Lynching survivor’s story retold for Black History Month

Carolyn Schultz

The Office of Multicultural Affairs brought Sandra Adell, a professor of Afro-American Studies at UW-Madison, to campus Monday to give a presentation on “The Life and Legacy of Dr. James Cameron” as part of the Black History Month celebration.
Cameron was the sole survivor of a 1930 lynching in Marion, Ind. and was the founder of America’s Black Holocaust Museum. Cameron was also the author of “A Time of Terror: A Survivor’s Story,” a memoir that describes his experiences and narrow escape from a mob determined to make him pay for a murder and rape he did not commit.
In her lecture, Adell retold Cameron’s story. Because he admitted he was too scared and traumatized to remember much of his experience, Cameron fabricated much of the narrative from first hand accounts and his feelings as he wrote the memoir 60 years later.
The story began as a 16-year-old Cameron followed two older friends to Lover’s Lane to commit a robbery on the evening of August 6, 1930. His friends forced a white man and his fiancee from their car and threatened to shoot them. In a Wisconsin Public Television interview at age 80, Cameron recalled during the incident that he said, “Holy smokes, I got no business being here,” and left Lover’s Lane. His friends then shot the man and allegedly raped the woman.
Police came for Cameron later that night and arrested him, along with his two friends. He was locked up on the second floor of the jail when a mob of 25-30 men broke into the jail and took his two friends from a first-floor cell. They beat them nearly to death and hung them in a tree on the jailhouse lawn. Then they came back for Cameron. “The nightmare had become my reality,” wrote Cameron in his memoir.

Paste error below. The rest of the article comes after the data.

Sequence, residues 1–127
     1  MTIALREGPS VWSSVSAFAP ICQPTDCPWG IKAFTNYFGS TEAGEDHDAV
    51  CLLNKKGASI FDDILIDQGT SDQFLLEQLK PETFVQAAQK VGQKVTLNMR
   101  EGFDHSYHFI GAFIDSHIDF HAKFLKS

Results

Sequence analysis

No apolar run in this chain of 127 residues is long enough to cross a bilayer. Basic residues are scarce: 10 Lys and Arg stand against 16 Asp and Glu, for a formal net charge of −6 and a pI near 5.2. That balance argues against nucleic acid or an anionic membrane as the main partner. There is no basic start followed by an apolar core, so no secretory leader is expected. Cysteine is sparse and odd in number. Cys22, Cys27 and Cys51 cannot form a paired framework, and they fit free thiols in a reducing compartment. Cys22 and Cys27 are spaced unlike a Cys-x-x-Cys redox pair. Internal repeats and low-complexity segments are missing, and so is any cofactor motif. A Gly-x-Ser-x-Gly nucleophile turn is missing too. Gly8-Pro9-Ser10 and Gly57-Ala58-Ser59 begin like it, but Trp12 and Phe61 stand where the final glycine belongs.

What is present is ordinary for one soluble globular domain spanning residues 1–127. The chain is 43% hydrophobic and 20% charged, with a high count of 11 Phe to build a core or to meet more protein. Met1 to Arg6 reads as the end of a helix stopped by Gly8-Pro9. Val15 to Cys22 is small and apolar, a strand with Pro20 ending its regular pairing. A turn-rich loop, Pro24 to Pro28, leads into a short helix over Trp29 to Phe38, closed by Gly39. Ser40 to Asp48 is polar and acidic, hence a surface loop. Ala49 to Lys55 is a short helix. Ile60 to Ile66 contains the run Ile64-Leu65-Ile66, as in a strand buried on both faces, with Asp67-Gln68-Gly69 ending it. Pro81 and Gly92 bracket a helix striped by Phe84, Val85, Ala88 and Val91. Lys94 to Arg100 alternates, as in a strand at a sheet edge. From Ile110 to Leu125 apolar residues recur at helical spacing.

Cameron was badly beaten and had a noose around his neck. He was ready to be hoisted between his two friends in the tree, when the mob of nearly 10,000 people became quiet. Cameron said in his memoir that he heard an angelic female voice telling the mob to let him go. Based on other first hand accounts, a sheriff told the mob to let Cameron go.
After his release, Cameron became very involved in the civil rights movement. After a trip to Israel during which he visited the Jewish Holocaust Museum, Cameron founded the Black Holocaust Museum in Milwaukee in 1988.
The mission of the museum is “to educate the public [about] injustices suffered by the people of African- American heritage, while providing visitors with an opportunity to rethink their assumptions about race and racism.” The museum includes an exhibit that Cameron called “the Chamber of Horrors” which displays authentic KKK uniforms and photographs of lynchings, including the lynching in Indiana.
Adell and other scholars in the field define modern hate crimes as lynchings. She cites the murders of James Bird, an African-American man in Jasper, Texas and Matthew Shepard, a gay college student in Laramie, Wyo.
Adell explained that there is an absence of focus on lynching in the media because “it’s implicating communities – black communities and white communities.” People are afraid to talk about it because “we’ve got a collective trauma [of the African-American people] and a collective guilt [of white Americans],” said Adell. But, as Cameron preached in his civil rights work, “the only way we can change racism is to confront it.